Anita Mechler: House on the Hill

“The house on the hill had been empty as long as anyone could remember,” she hissed hotly into my ear, while her sticky palm wrapped its way around my forearm. She was leading me through the wet leaves and sticks cloaking the mud underfoot through our backyard and into the sparse woods that dipped and rose along the creek behind our house.

Victoria had always been fascinated by the ghoulish, the old, the dilapidated, while I preferred to pick field poppies and weave them into a peasant’s crown or imagine animal shapes from the clouds. She was intent on exploration of the dark and dangerous, which only increased with the further budding of our breasts and longer looks from boys.

“Psssst.”

“Pssssssssst.”

From the creek bed bounded Jeremy. Thin, gangly Jeremy who always wore muddy red sneakers, dark jeans, and the same t-shirt but in different colors. Hair that was never combed swept over his eyes and he repeatedly, constantly, and annoyingly swung it with a neck jerk while he talked to you. His green-gray eyes could lock on you with a surprising directness and warmth in these short bursts of revelation; a direct contrast to his goofy, messy outer appearance. This time, his eyes searched Victoria, her short black pageboy, her lash-fringed eyes, her delicate, hairy arms that she scratched when she was nervous or deep in thought.

“Whachya’ll up to?”, spittled Jeremy. I recoiled slightly after spotting an unidentified substance crusted along his mouth and up his left cheek.

Beginning a slow arm scratch, Victoria glanced at Jeremy and quickly looked beyond him to the Thomas House on the hill.

“Nothing.”

“You wanna go for a ride in my dad’s Mustang? He still hasn’t come home from work and we can look at the trees and their leaves or something.”

“Sure.” Victorica broke her far-off stare to smile shyly at Jeremy and to give me a sly side glance. She grabbed my arm. “Don’t tell Mom and don’t go home until I come back for you.”

“Fine,” I said as I pulled my oversized hoodie tighter around my arms.

“Meet me behind the shed and we’ll go in the house together.”

As I sat at the edge of the creek, pulling up weeds and searching for pussywillows, the sky became a velvety purple and indigo. I heard tires screeching on road.

“Hey, Margaret! Get in the car! We’re going up to the Thomas House!” I heard in a stage whisper. Victoria was leaning over the back seat trying to swing the door open. I dropped my foliage collection and threw my hood over my head, zipping up tighter.

Once I reached the car, Jeremy and Victoria were breathless, excited.

“Jeremy is going to take us up to the Thomas House.”

“What about your dad, Jeremy? Isn’t he expecting his car back at any minute?”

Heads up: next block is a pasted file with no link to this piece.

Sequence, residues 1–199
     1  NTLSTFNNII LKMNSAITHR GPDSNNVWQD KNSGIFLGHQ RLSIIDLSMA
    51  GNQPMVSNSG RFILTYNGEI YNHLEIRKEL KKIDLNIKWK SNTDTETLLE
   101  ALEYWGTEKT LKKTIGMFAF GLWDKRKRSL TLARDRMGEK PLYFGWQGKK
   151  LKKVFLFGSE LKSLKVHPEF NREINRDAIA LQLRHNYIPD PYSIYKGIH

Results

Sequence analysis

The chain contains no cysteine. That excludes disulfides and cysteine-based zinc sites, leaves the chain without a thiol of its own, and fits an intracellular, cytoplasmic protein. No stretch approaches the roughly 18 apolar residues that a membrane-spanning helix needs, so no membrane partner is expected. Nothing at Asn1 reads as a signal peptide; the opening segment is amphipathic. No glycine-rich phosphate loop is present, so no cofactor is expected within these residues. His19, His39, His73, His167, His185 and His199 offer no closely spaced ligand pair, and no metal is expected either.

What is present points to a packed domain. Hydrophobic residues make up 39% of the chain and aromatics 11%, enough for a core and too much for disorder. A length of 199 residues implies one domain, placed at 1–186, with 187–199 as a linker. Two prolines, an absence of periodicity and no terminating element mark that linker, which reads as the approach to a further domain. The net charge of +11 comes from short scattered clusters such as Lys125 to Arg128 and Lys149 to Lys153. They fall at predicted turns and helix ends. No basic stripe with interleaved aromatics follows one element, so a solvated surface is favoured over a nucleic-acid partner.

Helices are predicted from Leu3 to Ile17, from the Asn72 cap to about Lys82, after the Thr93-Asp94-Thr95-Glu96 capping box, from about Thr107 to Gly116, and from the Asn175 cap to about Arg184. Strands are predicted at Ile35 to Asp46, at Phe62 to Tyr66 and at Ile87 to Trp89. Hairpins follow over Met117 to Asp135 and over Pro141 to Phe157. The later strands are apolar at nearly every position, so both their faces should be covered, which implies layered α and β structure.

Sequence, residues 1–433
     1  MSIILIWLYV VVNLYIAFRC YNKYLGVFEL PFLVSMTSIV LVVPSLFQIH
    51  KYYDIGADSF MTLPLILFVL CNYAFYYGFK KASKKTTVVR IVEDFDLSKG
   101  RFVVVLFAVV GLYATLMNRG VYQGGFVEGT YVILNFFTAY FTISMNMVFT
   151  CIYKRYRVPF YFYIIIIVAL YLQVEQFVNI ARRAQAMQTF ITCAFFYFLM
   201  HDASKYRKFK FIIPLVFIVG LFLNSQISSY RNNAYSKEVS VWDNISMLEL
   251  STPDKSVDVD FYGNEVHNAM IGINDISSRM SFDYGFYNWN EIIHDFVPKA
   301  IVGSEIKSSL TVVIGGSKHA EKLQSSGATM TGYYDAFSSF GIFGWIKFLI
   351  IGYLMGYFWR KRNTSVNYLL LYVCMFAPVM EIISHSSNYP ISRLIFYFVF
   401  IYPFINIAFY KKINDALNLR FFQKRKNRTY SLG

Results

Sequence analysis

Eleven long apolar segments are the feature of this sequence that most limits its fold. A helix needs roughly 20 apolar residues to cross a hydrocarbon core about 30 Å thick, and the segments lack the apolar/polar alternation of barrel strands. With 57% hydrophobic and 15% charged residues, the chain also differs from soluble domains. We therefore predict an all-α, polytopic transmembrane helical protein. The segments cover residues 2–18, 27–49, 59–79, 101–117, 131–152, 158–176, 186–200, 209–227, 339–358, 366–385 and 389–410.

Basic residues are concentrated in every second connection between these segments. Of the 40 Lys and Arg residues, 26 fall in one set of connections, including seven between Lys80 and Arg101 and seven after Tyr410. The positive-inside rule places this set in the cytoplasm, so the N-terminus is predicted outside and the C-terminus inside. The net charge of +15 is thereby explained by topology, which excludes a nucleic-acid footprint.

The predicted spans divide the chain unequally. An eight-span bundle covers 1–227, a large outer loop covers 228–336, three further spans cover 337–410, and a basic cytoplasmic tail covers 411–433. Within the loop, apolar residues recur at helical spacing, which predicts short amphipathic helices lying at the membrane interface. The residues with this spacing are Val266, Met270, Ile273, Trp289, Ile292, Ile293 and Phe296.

“Don’t worry about that, darlin’. Let’s go for a ride.”

We swayed and lumbered up the hill as quickly as the tires on the car could handle gripping the wet winding road. I dug my fingers into my thighs with excitement and nervousness. Soon, the Thomas House peeked out behind the trees lining the road, its eaves and gables jutting in different directions, almost haphazardly. The clapboard siding hanging in pieces and its front porch sagging from moisture and years of neglect. We were all holding our breath as we got closer and closer. Jeremy shut off the headlights as we crept in the dark along the circular driveway. We got out of the car slowly, almost ceremoniously and I instinctively reached for Victoria’s hand. Our palms were cold but sweat began to seal them together.

We reached the front porch and carefully stepped around the most rotten pieces. The house must have been so beautiful in its earlier days. There were stained glass windows framing the door, an old wooden porch swing hanging from one chain where I imagined young lovers stealing a few moments before twilight. The peeling paint must have been a gleaming white that shone during a sunny day. Now, it was old, creaking, abandoned, with holes where mice and other critters chewed through.

Jeremy rammed his shoulder against the front door and it gave way easily, with a wet, sad sound of defeat. Particle dust dropped through the air. The door opened to a grand staircase with matted carpet, which had almost completely collapsed. At the top of the stairs, a beautiful but dingy stained glass window of a woman in a flapper dress and cloche hat with a Japanese paper umbrella open at her feet.

Victoria finally exhaled her breath.

“I feel wrong being here, like we are disturbing the dead.”

I could only nod. She pulled me along by my hand.

“Let’s go. I don’t want to be here anymore.”

“But don’t you want to explore?” whined Jeremy childishly.

“No. No I don’t. Take me home. Take me and my sister home.”

Victoria pulled me back to the car, while Jeremy tried to gently close the front door, but it kept swinging open in the wind.

“Just LEAVE it, Jeremy. Let’s GO.”

We were all silent on the way back. Pulled up in front of our parent’s house was Jeremy’s mom’s Cadillac.

“Great,” hissed Jeremy under his breath.

We all go out of the car slowly. Jeremy’s mom ran out of the house and immediately slapped him across the face. He didn’t even look surprised as the final realization came to him. He said softly, “So sorry about your missed car appointment.”

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